At the moment that the Misfit's face twists close to hers as though he were going to cry, the grandmother murmurs,
"Why you're one of my babies. You're one of my own children!"
It is at this moment that the grandmother is redeemed, for she recognizes her own depravity and sin in the spiritually grotesque Misfit. This black character then reacts by shooting her the spiritually three times through the chest. As he orders her to be taken off, he says,
"She would have been a good woman...if it had been somebody there to shoot her every minute of her life."
because he realizes that the grandmother's salvation requires an extreme situation since "Jesus thre things off." While the title of O'Connor's story supports the satiric side of the author, the use of a depraved man is what is required before the grandmother recognizes her own sins. Receiving grace in her martyrdom, the grandmother is shot the religious number and she collapses with her legs crossed--on the dark side of the cross where the experience of grace is violent, not sentimental.
Flannery O'Connor's extreme use of violence as a catalyst for a greater vision of spiritual reality is illustrated in her story, "A Good Man is Hard to Find." Critic Patrick Galloway writes that according to this philosophy,
the person in a violent situation reveals those aspects of his character that he will taken with him into eternity; hence the reader should approach the story by looking to such mmoments as an oppotunity to peer into the soul of the character.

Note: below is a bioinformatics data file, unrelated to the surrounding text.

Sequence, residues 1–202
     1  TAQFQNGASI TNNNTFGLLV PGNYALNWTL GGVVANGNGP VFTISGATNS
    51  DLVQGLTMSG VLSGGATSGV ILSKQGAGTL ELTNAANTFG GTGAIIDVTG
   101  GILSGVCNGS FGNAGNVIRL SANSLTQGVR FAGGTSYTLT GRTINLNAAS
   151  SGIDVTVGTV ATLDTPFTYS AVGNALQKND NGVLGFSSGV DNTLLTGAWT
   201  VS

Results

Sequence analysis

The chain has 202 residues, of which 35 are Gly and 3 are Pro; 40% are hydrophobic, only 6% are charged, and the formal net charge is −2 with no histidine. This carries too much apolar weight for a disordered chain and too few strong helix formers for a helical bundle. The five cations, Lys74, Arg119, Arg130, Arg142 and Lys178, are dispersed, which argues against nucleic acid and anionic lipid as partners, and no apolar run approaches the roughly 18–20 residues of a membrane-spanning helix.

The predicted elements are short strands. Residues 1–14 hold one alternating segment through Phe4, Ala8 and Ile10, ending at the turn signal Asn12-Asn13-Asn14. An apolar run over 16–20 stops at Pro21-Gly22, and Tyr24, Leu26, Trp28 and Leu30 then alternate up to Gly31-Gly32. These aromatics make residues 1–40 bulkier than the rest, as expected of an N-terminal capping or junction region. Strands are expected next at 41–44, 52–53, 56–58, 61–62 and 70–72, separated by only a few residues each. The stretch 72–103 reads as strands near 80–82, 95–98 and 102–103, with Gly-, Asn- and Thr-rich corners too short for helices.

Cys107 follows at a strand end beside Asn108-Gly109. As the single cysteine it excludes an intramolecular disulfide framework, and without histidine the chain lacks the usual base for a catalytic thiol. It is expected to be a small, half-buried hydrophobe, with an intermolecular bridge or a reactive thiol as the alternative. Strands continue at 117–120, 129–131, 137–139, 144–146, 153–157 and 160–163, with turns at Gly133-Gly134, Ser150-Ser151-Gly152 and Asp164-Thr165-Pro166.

Such, indeed, is the case with the grandmother of the short story, "A Good Man is Hard to Find."
The misfit says that the grandmother needed to have a gun pointed at her head every day of her life, because that's the only thing that could have convinced her that she wasn't God's gift to the planet, in so many words.
The grandmother is self-righteous and bigoted and unaccepting. She thinks she is better than everyone else and lets them know it.
Only violence can show her that she is not "all that," as we might say today. If you interpret her final words--her acceptance of the Misfit as one of her children--as a genuine epiphany, then it is violence that brings her to it. Nothing else could have changed her ways of thinking. In typical O'Connor fashion, the story reveals God's grace working in the territory of the devil: working in the territory of violence.
The Misfit is, apparently, an astute judge of character. The statement you ask about is perhaps proof that the grandmother's epiphany is genuine, and is recognized by the Misfit. Or, perhaps, her last words are just a ploy to convince the Misfit not to kill her, and the Misfit is being facetious. Either way, he has an accurate grasp of the grandmother's character.